As if the hundreds of male survivors in the sex abuse case against the Ohio State University weren’t up against enough, attorneys for the billion dollar institution filed a brief this week stating that seven major Midwest universities have coalesced behind the university in its ongoing effort to halt the case from ever being tried in a court of law.
On October 3, just one week after Ohio State attorneys submitted an en banc review—a rare legal practice that some survivors believe was an attempt by the institution to thwart their Title IX lawsuits—they filed a brief noting that seven Midwest universities are standing in solidarity with Ohio State. The institutions include: Bowling Green State University, Cleveland State University, Eastern Michigan University, Michigan State University, Oakland University, Purdue University, and finally, Ohio State’s rival, the University of Michigan. Notably, in the last three years, two of those universities—University of Michigan and Michigan State—have both made national headlines for their own public reckonings with institutional sex abuse of student athletes.
The night after the filing, Steven Snyder-Hill, the lead plaintiff in the suit and one of the most outspoken survivors of former university physician Richard Strauss’ sexual abuse, sent it to a private Facebook group of fellow survivors. It shocked Rocky Ratliff, an attorney representing one of the other two groups of Strauss survivors and a survivor himself. “I had to get up at 11:15 at night and go to my office to see the filing for myself, because I was like, ‘He’s got to be mistaken,’” Ratliff told Jezebel.
What does it say that two prominent Midwest universities—Big 10 competitors, at that—known for their own sex abuse scandals have come to Ohio State’s defense?
“To me, it says these universities—Michigan State, University of Michigan, and Ohio State—have learned nothing,” Ratliff said. “They are spitting in the face of survivors. You have an institution that allowed Larry Nassar and an institution that allowed Robert Anderson, backing the institution that allowed Richard Strauss. Quite honestly, if you’d like to invite the Boy Scouts of America and the Catholic Church, we’re really having a party.”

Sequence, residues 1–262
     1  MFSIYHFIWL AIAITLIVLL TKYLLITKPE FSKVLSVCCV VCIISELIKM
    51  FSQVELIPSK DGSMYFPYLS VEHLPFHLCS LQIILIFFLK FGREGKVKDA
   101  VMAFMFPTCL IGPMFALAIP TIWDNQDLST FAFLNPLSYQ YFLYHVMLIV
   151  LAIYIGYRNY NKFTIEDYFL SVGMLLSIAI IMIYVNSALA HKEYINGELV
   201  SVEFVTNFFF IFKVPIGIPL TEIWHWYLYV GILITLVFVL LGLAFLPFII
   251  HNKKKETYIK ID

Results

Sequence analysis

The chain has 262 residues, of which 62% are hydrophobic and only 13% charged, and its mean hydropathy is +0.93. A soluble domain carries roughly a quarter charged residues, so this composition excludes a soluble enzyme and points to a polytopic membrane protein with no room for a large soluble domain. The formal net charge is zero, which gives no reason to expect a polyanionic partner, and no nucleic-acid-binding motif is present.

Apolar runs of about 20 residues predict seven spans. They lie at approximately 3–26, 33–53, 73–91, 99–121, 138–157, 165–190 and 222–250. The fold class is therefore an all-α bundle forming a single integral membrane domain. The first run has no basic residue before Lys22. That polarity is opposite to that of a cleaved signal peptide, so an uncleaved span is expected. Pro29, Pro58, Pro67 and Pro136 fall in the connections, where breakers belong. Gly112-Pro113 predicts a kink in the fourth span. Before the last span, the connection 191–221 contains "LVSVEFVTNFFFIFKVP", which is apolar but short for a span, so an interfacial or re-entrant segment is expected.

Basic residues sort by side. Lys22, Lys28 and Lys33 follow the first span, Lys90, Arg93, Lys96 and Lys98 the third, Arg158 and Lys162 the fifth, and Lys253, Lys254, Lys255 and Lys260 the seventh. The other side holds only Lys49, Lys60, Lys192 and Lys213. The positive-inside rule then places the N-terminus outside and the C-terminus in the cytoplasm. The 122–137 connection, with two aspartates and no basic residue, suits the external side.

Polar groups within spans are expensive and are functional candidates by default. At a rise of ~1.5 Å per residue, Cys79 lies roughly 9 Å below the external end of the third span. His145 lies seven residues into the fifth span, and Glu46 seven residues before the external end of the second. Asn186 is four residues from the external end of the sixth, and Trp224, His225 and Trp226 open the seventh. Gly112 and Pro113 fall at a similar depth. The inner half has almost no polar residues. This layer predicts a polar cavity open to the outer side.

The en banc review had already come as yet another surprise to the hundreds of men who’ve sought justice against the university since 2019. That same year, a damning report commissioned and published by the university revealed that Strauss—who died by suicide in 2005—sexually assaulted hundreds of male athletes under the guise of medical treatment between 1978 and 1998. The investigation concluded that during his tenure, he committed at least 1,429 instances of fondling and 47 instances of rape. It also stated that “university personnel had knowledge of complaints and concerns about Strauss’s conduct as early as 1979 but failed to investigate or act meaningfully.”
Because Strauss’ abuse was often enacted during health inspections that were mandatory of student athletes, many of the survivors—including Ratliff—didn’t recognize what happened to them as anything more than an uncomfortable and invasive treatment until the 2019 investigation. In the recent brief, the university disagreed with the Sixth Circuit’s September 2022 decision that legal action can be taken anytime following discovery of the abuse, and instead argued that the survivors should’ve pursued legal action sooner.
“The Sixth Circuit said, ‘Discovery applies,’ meaning when you discovered this [the sex abuse] as an actual injury. Ohio State is saying, when he touched you, you’ve got two years no matter what,” explained Ratliff. “The problem is, in this kind of case, how would you know? You’re being told by the doctor himself, and other members of Ohio State, that that’s a normal exam, right? You don’t even know it was an injury, because they’re saying this is normal.”
“No one knew Ohio State’s involvement until that investigation came out, and nobody knew they had been injured until that investigation confirmed everything,” he continued.
When prompted for comment last week, Ben Johnson, a spokesperson for Ohio State, noted that all survivors have been given the “opportunity to settle,” and that “Ohio State has reached settlement agreements with more than half the plaintiffs, 296 survivors, for more than $60 million.” Meanwhile, Ratliff and Ilann Maazel, another attorney for the survivors, have said that these paled in comparison to the settlements awarded in similar cases of institutional sex abuse: for instance, Nassar and Michigan State University ($500 million), Robert Anderson and the University of Michigan ($490 million), and George Tyndell and the University of Southern California ($852 million).
When contacted by Jezebel, Johnson responded but did not provide a comment from the university regarding the latest brief. Of the seven institutions listed, a singular representative for Purdue sent a statement via email:
Purdue maintains an unwavering commitment to Title IX’s protection of Purdue students against sex-based harassment in educational programs and activities. According to the Department of Education, the goal of Title IX is a secure educational environment for students. Diverting Title IX resources to claims by the general public would dilute this focus and fall outside of Congress’ Title IX mandate. For these reasons, Purdue supports Ohio State and the other amici in this attempt to ensure Title IX jurisprudence in the Sixth Circuit respects these principles and concerns.
Attorneys for the Strauss survivors have until October 18 to respond to the brief. A decision regarding the en banc review has not yet been reached.